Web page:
Closed hearings protect cops and communities
When the California Legislature enacted Penal Code Section 832.7, it mandated that police disciplinary hearings be confidential. In doing so, the Legislature balanced the public's right to know against an individual police officer's right to privacy. That statutory scheme begins with a presumption of confidentiality that can only be breached in the limited circumstances in which the need for disclosure outweighs an individual officer's right to privacy.
Neither a newspaper's desire to publish misconduct allegations nor a city's desire to have open public hearings is among the permitted exceptions to the confidentiality mandate. Nonetheless, the cities of Los Angeles, San Francisco, Oakland and Berkeley routinely acted in defiance of the law by holding public hearings on allegations of police misconduct.
That practice ended with the California Supreme Court's decision in Copley Press vs. Superior Court. Almost immediately, the cities of Los Angeles, San Francisco and Oakland complied with the law by closing public misconduct hearings. It was the right thing to do -- they had no choice.
In contrast, Berkeley refused to close public hearings, claiming that its Police Review Commission -- a review body that investigates and makes findings on police misconduct allegations -- was an independent agency without disciplinary authority not subject to Penal Code Section 832.7. The Alameda County Superior Court disagreed and ordered the hearings closed (PDF).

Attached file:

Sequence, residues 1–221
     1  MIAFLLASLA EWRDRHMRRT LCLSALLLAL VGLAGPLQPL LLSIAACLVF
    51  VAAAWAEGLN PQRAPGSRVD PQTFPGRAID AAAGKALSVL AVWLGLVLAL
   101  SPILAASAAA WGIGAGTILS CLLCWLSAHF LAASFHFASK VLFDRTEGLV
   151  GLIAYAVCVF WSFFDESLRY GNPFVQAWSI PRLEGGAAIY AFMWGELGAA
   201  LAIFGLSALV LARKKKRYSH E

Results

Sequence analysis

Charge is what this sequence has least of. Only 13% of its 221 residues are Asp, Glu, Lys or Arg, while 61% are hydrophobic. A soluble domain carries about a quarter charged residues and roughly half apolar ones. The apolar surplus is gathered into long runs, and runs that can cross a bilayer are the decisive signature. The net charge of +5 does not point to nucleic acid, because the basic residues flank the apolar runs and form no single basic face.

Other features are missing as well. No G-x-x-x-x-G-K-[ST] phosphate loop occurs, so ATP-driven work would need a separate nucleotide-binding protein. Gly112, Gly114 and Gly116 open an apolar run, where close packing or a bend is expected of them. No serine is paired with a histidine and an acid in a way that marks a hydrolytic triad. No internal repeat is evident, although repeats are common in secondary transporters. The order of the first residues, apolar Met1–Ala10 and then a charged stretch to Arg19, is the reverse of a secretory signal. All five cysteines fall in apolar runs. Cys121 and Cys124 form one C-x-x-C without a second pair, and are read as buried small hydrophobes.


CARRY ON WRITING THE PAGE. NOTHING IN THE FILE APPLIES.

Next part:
The "public's right to know" if police officers are abusing their authority is routinely cited as the reason for opening misconduct hearings. But other policy considerations favor confidentiality. In defending police against misconduct complaints, I have met many reluctant witnesses deterred by the concept of testifying against the police. Not everyone wants his or her personal business splashed on the front page. Often, both complaining parties and witnesses have their own troubles to consider. A public process chills their willingness to participate, which negatively impacts the ultimate goal of determining whether the use of police authority was proper.
Further, closed hearings prevent the premature disclosure of groundless misconduct complaints. As I often tell my police clients when a newspaper publishes the allegations but not the ultimate exoneration, "What you were accused of doing is a much more interesting story than what you actually did." But the ramifications from the publication of unwarranted charges are significant. Few professions require the spotless reputation for honesty and fair dealing that law enforcement does. Police officers are rightly held to a higher standard. Yet the slightest taint can render an officer ineffective. When that happens, the victim is the community because the ability to protect the community from violence and crime is irreparably undermined by the false perception that an officer is corrupt.
Police misconduct hearings should not be reopened. Accountability can occur just as effectively in a closed hearing; all it takes is for the community to appoint dedicated, diligent, smart and credible citizens to the oversight panels. With that, the careful balancing of competing interests conducted by the Legislature can work to the benefit of all.